President Donald Trump signed the bipartisan John D. Dingell Jr. Conservation, Management, and Recreation Act on March 12, designating 1.3 million acres of new wilderness among other public lands provisions. Many of the act’s congressional supporters praised it for being the most sweeping of its type in a decade. The act is a conglomeration of more than 100 separate bills.
This legislation permanently authorizes the Land and Water Conservation Fund, although it does not guarantee funding.The federal fund was created in 1964 to protect America’s natural areas. It has broad bipartisan support and is financed by $900 million annually in offshore drilling revenue, though Congress determines how much of that money goes towards the fund’s conservation purposes. It expired in September 2018 and lost more than $403 million during the following months, according to the LWCF Coalition, a group that advocates for the fund. Trump’s 2020 budget proposal does not include any money for the fund, though the president’s budget is essentially a non-binding recommendation.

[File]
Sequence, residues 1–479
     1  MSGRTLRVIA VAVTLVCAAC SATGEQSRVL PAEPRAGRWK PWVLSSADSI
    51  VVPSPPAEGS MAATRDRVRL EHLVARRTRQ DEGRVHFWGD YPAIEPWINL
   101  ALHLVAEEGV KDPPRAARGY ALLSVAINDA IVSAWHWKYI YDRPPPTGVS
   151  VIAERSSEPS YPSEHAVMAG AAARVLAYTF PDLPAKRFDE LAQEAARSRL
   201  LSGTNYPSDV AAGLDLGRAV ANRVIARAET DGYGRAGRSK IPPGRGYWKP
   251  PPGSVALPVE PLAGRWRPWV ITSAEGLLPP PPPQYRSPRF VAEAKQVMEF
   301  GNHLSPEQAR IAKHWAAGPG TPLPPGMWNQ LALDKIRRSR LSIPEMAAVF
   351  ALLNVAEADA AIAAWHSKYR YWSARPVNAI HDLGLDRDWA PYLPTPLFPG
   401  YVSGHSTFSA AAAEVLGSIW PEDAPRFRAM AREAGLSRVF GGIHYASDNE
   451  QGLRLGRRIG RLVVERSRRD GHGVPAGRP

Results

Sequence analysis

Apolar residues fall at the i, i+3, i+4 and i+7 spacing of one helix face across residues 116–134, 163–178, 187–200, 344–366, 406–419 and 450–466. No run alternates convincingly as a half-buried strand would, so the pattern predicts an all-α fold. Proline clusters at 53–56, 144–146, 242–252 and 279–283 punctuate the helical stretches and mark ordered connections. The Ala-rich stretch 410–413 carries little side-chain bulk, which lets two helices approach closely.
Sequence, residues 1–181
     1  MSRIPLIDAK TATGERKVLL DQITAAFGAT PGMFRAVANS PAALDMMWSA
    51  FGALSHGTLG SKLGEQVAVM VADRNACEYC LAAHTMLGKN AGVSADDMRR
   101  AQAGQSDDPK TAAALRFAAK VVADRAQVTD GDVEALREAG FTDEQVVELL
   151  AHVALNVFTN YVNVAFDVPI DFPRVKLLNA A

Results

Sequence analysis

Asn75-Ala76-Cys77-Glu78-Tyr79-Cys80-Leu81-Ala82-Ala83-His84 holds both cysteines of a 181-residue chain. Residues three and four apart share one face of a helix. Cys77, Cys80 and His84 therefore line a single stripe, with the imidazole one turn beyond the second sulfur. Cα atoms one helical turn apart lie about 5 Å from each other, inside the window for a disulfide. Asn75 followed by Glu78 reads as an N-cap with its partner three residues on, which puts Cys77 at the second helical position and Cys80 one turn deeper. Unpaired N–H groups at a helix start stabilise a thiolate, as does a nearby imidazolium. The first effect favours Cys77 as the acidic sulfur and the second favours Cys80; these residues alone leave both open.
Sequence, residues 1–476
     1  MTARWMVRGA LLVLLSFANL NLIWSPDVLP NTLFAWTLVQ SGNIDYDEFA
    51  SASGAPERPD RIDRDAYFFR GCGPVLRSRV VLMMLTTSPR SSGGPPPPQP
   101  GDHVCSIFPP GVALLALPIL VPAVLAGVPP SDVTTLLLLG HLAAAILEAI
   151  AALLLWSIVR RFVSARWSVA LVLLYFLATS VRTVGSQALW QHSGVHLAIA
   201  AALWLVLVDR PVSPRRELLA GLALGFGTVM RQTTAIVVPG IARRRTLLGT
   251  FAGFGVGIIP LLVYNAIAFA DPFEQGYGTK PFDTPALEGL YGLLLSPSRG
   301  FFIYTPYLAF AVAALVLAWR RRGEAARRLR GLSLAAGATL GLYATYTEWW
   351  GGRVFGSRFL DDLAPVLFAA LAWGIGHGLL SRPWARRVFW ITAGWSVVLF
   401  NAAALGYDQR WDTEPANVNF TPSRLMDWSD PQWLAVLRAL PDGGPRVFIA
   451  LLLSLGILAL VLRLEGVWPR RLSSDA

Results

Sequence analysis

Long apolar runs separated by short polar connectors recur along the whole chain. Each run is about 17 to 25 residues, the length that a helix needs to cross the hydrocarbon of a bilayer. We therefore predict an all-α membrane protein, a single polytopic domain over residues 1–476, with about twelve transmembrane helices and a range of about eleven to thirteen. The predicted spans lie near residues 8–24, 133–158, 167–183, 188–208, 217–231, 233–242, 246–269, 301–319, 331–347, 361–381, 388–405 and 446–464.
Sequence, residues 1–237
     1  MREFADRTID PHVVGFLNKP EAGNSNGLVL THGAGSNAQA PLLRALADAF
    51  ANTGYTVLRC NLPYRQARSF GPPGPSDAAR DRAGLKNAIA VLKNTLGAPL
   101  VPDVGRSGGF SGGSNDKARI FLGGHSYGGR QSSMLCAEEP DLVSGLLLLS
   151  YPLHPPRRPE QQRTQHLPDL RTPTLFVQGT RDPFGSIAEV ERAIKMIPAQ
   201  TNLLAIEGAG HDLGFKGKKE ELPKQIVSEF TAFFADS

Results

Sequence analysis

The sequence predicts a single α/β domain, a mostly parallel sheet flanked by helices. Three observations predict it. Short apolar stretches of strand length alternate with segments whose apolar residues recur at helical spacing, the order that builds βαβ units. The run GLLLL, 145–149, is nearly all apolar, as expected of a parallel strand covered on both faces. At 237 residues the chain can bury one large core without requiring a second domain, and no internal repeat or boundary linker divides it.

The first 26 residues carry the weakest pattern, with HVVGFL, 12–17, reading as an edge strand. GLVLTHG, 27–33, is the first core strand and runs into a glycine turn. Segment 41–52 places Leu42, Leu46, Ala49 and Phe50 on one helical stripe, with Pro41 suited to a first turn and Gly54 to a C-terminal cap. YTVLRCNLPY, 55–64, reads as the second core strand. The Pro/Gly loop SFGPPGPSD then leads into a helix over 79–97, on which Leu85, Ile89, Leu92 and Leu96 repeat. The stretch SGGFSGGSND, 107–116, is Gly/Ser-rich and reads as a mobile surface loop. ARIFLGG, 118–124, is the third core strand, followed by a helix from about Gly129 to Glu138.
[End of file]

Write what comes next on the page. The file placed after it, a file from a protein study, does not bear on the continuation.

Additionally, the act opens all public lands to hunting unless specifically prohibited. It reauthorizes and funds the Neotropical Migratory Bird Act, protecting habitat for 368 migratory bird species. Further, it continues a program that allows the U.S. Fish and Wildlife Service to provide assistance to landowners who take certain steps to protect key habitats. The act also permanently withdraws federal mineral rights for parcels of land near Yellowstone National Park and North Cascades National Park, preventing future mining in those areas.
The bill marks the creation of new public lands in Appalachia, including Mill Springs Battlefield National Monument and Camp Nelson National Monument in Kentucky, which was recently designated by the president under the Antiquities Act. Kennesaw Mountain National Battlefield Park in Georgia will be expanded by eight acres. — By Jen Kirby